• Analytical skills. The individual should be able to scour a chart and capture all relevant codes that denote a patient’s severity and clinical complexity. If documentation doesn’t support a particular diagnosis or evaluation and management code, you’ll want someone who will notice this and bring it to your attention.
  • Curiosity. Hire an individual who proactively tries to enhance his or her own knowledge not only of medical coding but also clinical conditions and procedures. This individual should have a natural desire to address billing inefficiencies and improve processes throughout the practice.
  • Detail-oriented. With so many varying requirements from insurers, you’ll need someone who can sort through the details and submit claims correctly the first time around, thereby avoiding the need to appeal.
  • Integrity. Look for someone who makes compliance a priority every day. This individual should also strive to protect patient privacy and confidentiality at all times.
  • Interpersonal skills. The certified medical coder you hire should be comfortable interacting with and answering questions from colleagues, providers, insurers, and patients. He or she should also be able to develop positive working relationships with provider relations representatives at insurance companies, local pharmacists, practice management vendors, and others.
  • Technical skills. In today’s world of electronic health records (EHR), a certified medical coder must be able to bill and process claims electronically as well as run reports and monitor denials.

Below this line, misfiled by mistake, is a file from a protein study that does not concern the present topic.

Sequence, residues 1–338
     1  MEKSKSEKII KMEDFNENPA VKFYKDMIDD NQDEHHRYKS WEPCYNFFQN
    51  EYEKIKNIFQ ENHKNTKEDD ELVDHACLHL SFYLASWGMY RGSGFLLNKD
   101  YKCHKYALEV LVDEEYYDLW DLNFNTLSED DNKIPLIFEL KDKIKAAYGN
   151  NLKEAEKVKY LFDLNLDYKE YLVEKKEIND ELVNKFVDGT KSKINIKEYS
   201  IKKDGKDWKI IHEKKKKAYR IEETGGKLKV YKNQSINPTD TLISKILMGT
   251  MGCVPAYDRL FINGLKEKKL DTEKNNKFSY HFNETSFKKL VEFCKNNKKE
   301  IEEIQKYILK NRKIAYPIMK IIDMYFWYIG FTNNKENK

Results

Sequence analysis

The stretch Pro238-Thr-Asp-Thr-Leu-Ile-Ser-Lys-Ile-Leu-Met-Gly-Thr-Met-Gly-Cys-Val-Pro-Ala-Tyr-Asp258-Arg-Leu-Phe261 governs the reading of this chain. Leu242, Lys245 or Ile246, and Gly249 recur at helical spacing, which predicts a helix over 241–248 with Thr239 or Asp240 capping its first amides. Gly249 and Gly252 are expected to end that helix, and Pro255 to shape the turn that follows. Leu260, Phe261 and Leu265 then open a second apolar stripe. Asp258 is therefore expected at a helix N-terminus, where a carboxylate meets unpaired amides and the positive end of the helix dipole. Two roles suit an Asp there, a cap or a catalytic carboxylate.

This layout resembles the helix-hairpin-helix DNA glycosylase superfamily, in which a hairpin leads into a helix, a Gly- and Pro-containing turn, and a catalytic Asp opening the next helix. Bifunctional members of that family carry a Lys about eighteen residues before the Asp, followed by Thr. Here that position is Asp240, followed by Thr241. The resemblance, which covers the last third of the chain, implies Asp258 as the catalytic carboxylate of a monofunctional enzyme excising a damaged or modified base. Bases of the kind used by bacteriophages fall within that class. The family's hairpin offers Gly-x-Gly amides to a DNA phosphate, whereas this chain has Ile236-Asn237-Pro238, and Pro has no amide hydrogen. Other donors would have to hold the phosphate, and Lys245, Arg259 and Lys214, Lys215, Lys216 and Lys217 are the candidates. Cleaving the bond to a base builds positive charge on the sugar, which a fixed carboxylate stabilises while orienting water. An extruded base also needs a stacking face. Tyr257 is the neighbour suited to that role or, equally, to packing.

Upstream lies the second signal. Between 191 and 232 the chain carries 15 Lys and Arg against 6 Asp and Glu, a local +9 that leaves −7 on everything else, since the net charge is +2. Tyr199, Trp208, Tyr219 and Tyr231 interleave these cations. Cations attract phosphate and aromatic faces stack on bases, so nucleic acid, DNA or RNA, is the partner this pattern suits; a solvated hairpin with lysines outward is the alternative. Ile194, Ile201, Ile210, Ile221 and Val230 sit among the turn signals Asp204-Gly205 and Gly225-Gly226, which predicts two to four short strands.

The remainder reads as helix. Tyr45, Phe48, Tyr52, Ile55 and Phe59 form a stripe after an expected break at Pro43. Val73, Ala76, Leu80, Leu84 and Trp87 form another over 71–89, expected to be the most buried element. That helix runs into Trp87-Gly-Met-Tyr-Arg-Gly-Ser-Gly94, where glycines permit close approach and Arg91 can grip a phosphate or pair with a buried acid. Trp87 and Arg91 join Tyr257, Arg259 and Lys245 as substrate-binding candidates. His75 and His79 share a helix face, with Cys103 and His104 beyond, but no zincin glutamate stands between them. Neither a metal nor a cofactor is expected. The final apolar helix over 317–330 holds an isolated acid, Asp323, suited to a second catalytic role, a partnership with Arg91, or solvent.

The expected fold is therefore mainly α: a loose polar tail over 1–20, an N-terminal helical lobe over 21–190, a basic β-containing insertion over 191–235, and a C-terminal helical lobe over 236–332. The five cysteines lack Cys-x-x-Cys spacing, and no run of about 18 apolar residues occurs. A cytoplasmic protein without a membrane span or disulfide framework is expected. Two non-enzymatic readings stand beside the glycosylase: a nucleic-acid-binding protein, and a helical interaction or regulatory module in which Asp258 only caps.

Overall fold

What you can expect to pay
The national average pay for a certified medical coder is $38,853 annually, according the most recent data from Payscale.com. You can also view certified medical coder salaries by state. In addition, views the AAPC’s 2015 annual salary survey that includes responses from nearly 18,000 members. Following are three take-away points from the AAPC survey to consider:

  • Coders who possess more than one credential tend to earn more than those with only one credential.
  • Coder salaries typically increase commensurate with the number of providers in the practice.
  • Coders with the CPPM credential tend to earn the most.

Where to find a certified medical coder
Aside from posting positions on job sites such as monster.com or careerbuilder.com, consider looking on LinkedIn.com where many professionals have already uploaded their resumes and provided information about their coding credentials and work experience. Also consider posting the position on the AAPC’s website where you can also verify credentials. The AAPC allows you to post full-time, part-time, and contract positions. You can also participate in Project Xtern and work with non-paid, certified medical coder externs, allowing you to evaluate potential employees before you hire them.

If the individual who currently performs your coding and billing isn’t a certified medical coder, consider paying for his or her certification and ongoing continuing education. You’ll likely be rewarded in dividends from this wise investment. Make 2017 the year in which you take control of your reimbursement.

This article was originally published on Kareo’s Go Practice Blog and is republished here with permission.